Subsequently, neither Baylor nor TCU secured a place in the playoff. This raises the question: Was the Big 12’s exclusion due to the lack of a conference title game, or were there other factors at play, such as the outcome of the Big Ten championship game?
It’s conceivable that Ohio State’s triumph in the Big Ten championship, along with their impressive 12-1 record, was a key factor in distinguishing them from the 11-1 records of TCU and Baylor.
However, the manner in which Ohio State secured its victory held additional weight. Armed with a third-string quarterback, the Buckeyes emphatically dominated Wisconsin with a resounding 59-0 victory.
It was this extraordinary display in their 13th game that set Ohio State apart from their Big 12 counterparts, who had concluded their regular seasons a week earlier.
The spotlight subsequently turned to the Big 12’s absence of a formally named conference championship game.
This topic became a focal point during the offseason, prompting conversations about the potential impact on playoff inclusion. Commissioner Bob Bowlsby expressed his reluctance to adopt changes after just a single year of the College Football Playoff system’s implementation.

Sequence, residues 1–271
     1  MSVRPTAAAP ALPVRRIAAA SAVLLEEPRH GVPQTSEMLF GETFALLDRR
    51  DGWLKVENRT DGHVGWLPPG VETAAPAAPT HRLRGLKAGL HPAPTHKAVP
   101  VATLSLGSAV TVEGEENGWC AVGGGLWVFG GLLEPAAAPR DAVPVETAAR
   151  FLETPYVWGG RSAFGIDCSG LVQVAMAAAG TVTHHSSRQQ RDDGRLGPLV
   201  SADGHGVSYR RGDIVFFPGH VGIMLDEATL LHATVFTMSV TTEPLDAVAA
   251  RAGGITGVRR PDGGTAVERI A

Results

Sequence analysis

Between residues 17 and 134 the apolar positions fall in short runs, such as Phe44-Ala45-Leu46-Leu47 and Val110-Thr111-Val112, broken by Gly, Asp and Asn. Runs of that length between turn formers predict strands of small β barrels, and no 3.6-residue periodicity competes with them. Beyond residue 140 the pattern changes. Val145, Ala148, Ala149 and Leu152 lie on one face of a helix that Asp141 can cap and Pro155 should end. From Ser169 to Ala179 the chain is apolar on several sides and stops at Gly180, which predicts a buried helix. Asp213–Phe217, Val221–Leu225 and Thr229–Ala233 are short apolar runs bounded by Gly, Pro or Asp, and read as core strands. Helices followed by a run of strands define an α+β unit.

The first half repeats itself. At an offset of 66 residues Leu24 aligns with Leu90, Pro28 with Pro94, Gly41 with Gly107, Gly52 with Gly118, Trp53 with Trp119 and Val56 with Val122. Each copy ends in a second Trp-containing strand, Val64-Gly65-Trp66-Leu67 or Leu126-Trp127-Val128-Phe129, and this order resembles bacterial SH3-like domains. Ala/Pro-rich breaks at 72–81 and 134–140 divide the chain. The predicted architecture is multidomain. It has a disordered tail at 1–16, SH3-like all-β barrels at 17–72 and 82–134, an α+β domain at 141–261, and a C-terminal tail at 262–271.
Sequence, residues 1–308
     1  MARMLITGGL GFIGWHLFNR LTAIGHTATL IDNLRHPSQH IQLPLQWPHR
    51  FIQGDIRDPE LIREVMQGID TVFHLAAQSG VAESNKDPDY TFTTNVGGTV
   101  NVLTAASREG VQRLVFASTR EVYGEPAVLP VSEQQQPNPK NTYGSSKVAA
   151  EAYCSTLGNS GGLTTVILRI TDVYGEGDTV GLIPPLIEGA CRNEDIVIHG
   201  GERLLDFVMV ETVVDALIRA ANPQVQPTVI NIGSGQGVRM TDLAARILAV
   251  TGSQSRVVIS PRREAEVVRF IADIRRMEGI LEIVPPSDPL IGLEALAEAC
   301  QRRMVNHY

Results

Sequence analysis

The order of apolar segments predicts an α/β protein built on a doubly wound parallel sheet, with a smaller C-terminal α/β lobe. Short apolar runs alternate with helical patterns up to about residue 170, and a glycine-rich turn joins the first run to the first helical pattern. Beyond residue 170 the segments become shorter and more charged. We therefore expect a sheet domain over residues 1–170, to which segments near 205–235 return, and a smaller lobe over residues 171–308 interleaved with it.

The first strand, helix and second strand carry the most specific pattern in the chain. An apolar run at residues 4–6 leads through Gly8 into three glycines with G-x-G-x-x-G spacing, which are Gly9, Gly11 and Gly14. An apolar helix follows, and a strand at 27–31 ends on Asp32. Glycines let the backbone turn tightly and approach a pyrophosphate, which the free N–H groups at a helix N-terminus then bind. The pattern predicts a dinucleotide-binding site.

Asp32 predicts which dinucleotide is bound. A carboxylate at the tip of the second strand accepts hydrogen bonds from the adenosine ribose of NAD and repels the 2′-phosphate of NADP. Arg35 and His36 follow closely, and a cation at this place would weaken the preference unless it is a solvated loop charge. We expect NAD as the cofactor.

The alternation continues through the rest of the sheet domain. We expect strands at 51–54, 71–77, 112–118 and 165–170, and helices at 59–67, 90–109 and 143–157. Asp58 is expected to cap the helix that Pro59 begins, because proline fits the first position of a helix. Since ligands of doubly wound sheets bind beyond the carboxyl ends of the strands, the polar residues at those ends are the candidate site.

His belief was anchored in the confidence that the Big 12’s nine-game round-robin format, coupled with the new head-to-head tiebreaker strategy, would effectively enhance the chances of Big 12 champions securing coveted playoff spots.
Fast forward to this year, and it appears that this strategic adjustment has indeed yielded positive outcomes.
Given the Big 12’s strategic “not by our design” back-loaded schedule for this season, the emergence of Oklahoma as the conference champion appeared highly unlikely.
Overcoming the shadow of their disheartening 24-17 loss to Texas – a squad currently holding a 4-7 record, slated to become 4-8 after a forthcoming showdown against Baylor – is a feat that underscored the Sooners’ resilience.
This remarkable turnaround saw them rise from a lowly No. 15 ranking to a remarkable No. 3 standing in the previous week’s rankings.